Republican U.S. Senate candidate Dan Sullivan says he will vote for a state initiative to increase Alaska's minimum wage to $9.75 an hour by 2016, after saying before the Aug. 19 primary election that he was opposed to the change.
Sullivan told the Wall Street Journal in a story published Monday that he still opposed a proposal backed by President Barack Obama, a Democrat, to raise the federal minimum wage to $10.10 an hour -- a measure that's also backed by Sullivan's opponent, incumbent Democratic U.S. Sen. Mark Begich.
A spokesman for Sullivan told the Journal that the candidate's position had changed because he "had a chance to read the minimum wage initiative."
Spokesman Mike Anderson said in a phone interview that he had not discussed Sullivan's original position with the candidate and referred the Alaska Dispatch News to a prepared statement for further explanation of the switch.
"Now, because it is a state-driven initiative, I do support the motion to place a minimum wage question directly to the people of Alaska," Sullivan was quoted as saying. "And I personally intend to vote for it. We also need to continue with policies that support our state's energy sector, make our tax system more competitive and streamline state and federal regulations, and I'm proud of my record of working with my fellow Alaskans to do just that."
In a follow-up phone call, Anderson said Sullivan had switched his position after traveling across the state and talking to Alaskans, but he declined to characterize the information Sullivan had received that led him to change his mind.
Sullivan had previously addressed his opposition to the state initiative at a Fairbanks Chamber of Commerce event in August, where he and two other Republican Party primary candidates were each asked to say how they planned to vote on the three initiatives on the November ballot. Sullivan, along with opponent Joe Miller, said he'd be voting "no" on the minimum-wage question. The third Republican participant, Lt. Gov. Mead Treadwell, declined to take a position based on his role overseeing public hearings on the ballot initiatives.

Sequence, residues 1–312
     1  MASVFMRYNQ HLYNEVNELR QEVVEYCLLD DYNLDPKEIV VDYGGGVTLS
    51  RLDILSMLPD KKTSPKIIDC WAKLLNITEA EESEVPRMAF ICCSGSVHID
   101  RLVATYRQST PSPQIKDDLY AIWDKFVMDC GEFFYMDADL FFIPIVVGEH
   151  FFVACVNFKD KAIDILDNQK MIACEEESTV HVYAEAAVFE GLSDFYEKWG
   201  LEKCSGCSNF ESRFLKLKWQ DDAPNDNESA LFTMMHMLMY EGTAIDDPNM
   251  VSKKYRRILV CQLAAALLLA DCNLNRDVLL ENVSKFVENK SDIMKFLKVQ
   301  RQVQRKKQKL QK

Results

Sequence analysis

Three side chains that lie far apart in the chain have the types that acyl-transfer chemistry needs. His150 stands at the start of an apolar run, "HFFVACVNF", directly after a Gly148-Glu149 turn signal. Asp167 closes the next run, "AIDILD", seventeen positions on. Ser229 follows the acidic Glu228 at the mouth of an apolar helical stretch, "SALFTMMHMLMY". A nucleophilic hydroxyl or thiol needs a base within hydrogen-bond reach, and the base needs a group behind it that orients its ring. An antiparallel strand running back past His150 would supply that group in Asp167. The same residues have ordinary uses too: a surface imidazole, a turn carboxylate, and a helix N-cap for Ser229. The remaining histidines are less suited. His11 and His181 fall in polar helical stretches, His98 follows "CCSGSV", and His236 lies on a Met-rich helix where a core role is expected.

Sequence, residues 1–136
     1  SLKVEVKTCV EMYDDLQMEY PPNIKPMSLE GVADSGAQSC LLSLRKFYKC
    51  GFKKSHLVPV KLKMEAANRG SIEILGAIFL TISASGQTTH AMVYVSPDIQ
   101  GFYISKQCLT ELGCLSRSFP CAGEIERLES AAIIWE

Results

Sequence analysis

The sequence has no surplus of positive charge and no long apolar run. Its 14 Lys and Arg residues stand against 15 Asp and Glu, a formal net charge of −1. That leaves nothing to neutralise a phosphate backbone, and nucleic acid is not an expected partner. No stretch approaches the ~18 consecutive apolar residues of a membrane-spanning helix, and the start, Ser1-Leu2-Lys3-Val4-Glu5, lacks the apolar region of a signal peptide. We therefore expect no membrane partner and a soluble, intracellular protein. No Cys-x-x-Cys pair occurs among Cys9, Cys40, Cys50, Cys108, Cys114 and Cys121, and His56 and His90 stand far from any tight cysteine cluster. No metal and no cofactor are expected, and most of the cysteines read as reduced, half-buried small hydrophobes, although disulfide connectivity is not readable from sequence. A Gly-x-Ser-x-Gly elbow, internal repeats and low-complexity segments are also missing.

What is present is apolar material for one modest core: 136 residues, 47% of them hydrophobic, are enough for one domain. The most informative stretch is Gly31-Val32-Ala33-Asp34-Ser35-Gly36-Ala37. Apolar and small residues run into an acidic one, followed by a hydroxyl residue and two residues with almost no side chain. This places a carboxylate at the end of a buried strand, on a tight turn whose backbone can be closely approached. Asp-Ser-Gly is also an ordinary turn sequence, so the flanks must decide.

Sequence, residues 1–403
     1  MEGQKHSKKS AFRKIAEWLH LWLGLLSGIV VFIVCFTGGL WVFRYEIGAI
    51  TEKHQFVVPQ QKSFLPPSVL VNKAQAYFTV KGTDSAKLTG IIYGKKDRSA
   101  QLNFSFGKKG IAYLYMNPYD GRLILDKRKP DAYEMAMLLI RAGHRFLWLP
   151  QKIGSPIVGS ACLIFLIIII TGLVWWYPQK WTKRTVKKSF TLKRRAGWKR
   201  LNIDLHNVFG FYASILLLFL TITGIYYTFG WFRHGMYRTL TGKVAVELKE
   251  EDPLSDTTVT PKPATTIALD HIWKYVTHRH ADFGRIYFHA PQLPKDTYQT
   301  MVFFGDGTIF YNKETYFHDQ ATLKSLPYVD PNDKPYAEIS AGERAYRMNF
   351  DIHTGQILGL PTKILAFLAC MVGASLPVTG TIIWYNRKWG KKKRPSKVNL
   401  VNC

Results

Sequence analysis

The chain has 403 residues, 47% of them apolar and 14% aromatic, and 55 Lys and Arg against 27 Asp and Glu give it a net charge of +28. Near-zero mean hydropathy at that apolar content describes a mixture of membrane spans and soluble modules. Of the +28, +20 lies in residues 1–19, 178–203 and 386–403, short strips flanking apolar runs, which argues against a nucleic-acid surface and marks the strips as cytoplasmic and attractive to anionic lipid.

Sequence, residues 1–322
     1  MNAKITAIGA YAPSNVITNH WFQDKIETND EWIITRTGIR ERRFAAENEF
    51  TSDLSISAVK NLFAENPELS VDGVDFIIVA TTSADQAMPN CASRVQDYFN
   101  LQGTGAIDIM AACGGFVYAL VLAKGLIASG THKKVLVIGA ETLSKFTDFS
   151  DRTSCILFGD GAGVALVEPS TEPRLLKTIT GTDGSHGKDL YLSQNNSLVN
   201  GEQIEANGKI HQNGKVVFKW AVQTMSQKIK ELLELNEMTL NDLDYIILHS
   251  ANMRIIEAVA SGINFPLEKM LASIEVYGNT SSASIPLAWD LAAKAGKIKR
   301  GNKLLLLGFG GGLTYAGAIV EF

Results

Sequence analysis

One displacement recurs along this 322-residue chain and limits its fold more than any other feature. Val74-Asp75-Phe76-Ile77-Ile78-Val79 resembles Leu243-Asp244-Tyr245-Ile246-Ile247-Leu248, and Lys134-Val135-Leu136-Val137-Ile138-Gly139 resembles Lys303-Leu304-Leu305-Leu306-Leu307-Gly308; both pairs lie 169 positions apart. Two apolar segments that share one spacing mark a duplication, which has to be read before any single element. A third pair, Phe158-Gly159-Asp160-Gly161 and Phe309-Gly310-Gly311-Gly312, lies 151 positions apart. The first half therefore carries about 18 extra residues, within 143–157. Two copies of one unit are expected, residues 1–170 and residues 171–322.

Sullivan had also stated his opposition to a federal measure at least two times, telling The Associated Press in January that "simply raising the minimum wage isn't an answer; it's an acknowledgement of President Obama's broken promises and failed economic policies."
"Burdensome federal regulations continue to shackle Alaska's potential to grow jobs and provide security to countless middle-class families across the country," The Associated Press quoted Sullivan as saying.
In a pair of statements Monday, the Alaska AFL-CIO -- the state's largest labor group and a strong initiative backer -- and the Alaska Democratic Party both blasted Sullivan for "flip-flopping."
The AFL-CIO's statement cited strong public support for the initiative, which in a poll conducted in late July and early August led 58 to 33 percent, with 8 percent of voters still undecided.
"Dan Sullivan appears to be able to read polls and knows that opposition to the wage increase might have helped him in a closed primary, but it hurts his appeal to general election voters," the AFL-CIO's statement quoted its president, Vince Beltrami, as saying.